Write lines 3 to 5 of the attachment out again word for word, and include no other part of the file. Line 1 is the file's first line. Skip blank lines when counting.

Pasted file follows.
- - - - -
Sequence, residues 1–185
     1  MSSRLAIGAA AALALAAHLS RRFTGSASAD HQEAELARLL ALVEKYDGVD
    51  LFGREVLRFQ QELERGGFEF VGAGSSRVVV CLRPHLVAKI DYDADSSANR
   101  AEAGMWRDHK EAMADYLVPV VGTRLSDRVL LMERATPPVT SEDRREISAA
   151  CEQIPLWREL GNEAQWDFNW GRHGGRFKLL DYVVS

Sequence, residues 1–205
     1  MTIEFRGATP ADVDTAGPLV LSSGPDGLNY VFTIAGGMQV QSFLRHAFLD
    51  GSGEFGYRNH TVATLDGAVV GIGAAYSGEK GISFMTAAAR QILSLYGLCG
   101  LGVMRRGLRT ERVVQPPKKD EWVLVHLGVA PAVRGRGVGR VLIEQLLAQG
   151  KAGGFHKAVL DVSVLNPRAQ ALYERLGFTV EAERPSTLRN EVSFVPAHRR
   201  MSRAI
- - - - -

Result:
    51  LFGREVLRFQ QELERGGFEF VGAGSSRVVV CLRPHLVAKI DYDADSSANR
   101  AEAGMWRDHK EAMADYLVPV VGTRLSDRVL LMERATPPVT SEDRREISAA
   151  CEQIPLWREL GNEAQWDFNW GRHGGRFKLL DYVVS